ABHIJAN / THE EXPIDITION (Dir. Satyajit Ray, 1962)

Ray’s fixation of trains seemed to span his entire film career. In his most commercially successful film, Soumitra Chatterjee plays Narsingh, an arrogant taxi driver who finds it problematic to part with his precious 1930 American Chrysler. In a telling sequence in the film, Narsingh puts his Chrysler to the test by racing a train, underlining how modernity and change were grossly over rated.


DILWALE DULHANIA LE JAYENGE (Dir. Aditya Chopra, 1995)

VEER ZAARA (Dir. Yash Chopra, 2007)

SAATHIYA (Dir. Shaad Ali, 2002)

Many of the European immigrants who made the journey to Hollywood in the 1940s brought with them a dark vein of poetic fatalism. ‘Letter From an Unknown Woman’, directed by Max Ophuls in 1948, saw two lovers part company at a train station, doomed never to meet again. Such fatalism seems pretty much absent from the romantic elements of many Bollywood films and recent ones in particular have tended to use trains as a force of destiny, providence and most importantly, love. Perhaps the most celebrated contemporary Bollywood train moment occurs at the end of Aditya Chopra’s 1995 blockbuster spectacle ‘Dilwale Dulhania Le Jayenge’ (The Brave Hearted Will Take The Bride) when Simran (Kajol) is melodramatically united with her lover, Raj (Shahrukh Khan). In ‘Saathiya’ (a remake of a Mani Ratnam’s film ‘Alaipayuthey’), relationships seem to be defined by the presence of trains, which not only bring people together but also act as a force of disruption and displacement.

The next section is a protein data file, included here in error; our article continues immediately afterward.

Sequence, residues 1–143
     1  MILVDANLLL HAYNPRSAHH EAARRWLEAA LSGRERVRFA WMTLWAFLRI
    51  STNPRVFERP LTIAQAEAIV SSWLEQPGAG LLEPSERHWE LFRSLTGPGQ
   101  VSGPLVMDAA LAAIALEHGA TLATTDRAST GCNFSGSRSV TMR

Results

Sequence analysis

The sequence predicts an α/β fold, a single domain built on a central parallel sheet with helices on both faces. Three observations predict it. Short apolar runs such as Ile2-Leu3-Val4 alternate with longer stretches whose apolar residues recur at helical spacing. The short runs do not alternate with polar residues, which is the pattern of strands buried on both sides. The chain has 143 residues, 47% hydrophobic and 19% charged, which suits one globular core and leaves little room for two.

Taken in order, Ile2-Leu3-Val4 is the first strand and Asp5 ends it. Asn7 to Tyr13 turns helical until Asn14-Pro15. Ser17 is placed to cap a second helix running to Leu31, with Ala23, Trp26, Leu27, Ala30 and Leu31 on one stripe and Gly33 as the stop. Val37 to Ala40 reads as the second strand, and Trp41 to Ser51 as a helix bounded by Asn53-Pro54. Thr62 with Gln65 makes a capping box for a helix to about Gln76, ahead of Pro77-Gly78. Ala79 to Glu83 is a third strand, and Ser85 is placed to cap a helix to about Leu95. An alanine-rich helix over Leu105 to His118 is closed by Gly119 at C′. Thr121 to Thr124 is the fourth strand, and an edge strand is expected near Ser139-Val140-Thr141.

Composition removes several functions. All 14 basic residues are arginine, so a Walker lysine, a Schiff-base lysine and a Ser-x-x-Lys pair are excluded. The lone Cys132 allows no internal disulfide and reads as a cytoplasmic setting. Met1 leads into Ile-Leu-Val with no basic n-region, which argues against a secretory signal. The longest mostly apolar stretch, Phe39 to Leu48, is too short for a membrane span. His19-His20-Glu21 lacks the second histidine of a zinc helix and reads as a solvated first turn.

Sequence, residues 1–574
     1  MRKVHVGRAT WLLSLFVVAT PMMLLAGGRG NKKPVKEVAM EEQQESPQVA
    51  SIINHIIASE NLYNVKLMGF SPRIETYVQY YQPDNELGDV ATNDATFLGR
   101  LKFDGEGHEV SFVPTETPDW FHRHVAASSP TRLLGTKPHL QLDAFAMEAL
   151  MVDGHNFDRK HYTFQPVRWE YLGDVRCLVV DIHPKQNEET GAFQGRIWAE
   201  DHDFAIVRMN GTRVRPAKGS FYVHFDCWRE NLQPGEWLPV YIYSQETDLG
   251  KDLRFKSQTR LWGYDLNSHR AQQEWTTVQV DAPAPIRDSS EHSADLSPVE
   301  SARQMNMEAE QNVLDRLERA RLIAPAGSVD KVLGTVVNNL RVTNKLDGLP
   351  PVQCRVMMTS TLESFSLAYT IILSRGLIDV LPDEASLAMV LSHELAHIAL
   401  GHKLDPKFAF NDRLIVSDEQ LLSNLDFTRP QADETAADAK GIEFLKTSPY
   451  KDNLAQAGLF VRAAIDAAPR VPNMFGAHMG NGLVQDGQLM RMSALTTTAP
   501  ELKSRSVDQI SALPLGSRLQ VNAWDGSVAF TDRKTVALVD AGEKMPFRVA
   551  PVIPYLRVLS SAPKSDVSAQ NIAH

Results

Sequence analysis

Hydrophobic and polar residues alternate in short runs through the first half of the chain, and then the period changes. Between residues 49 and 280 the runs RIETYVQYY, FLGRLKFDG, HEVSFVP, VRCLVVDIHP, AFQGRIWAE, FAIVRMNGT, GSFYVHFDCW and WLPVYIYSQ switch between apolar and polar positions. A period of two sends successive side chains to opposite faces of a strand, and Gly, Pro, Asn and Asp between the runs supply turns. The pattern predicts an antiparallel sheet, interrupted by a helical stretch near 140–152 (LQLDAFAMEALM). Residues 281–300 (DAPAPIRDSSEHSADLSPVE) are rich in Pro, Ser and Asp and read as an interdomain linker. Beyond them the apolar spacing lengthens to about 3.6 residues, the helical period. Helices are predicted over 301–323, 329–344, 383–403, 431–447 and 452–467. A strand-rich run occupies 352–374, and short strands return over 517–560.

SHOLAY / EMBERS (Dir. Ramesh Sippy, 1975)

I guess no cannon on Indian cinema would really be complete without a reference to a film like ‘Sholay’. Why this film continues to enthral audiences today is simply baffling. I don’t feel it measures up to any of the films Amitabh Bhachan made in the 1970s. Borrowing liberally from Leone’s ‘Once Upon a Time in the West’, ‘Sholay’ is hugely over rated and many aspects of the film have not stood the test of time, but the brilliant dialogue and on screen chemistry between Amitabh and Dharmendra continues to inspire film makers today. It does feature an exceptionally well executed train sequence in which our ingenious heroes (Jai and Veeru) battle some gruesome bandits attempting to hijack a train.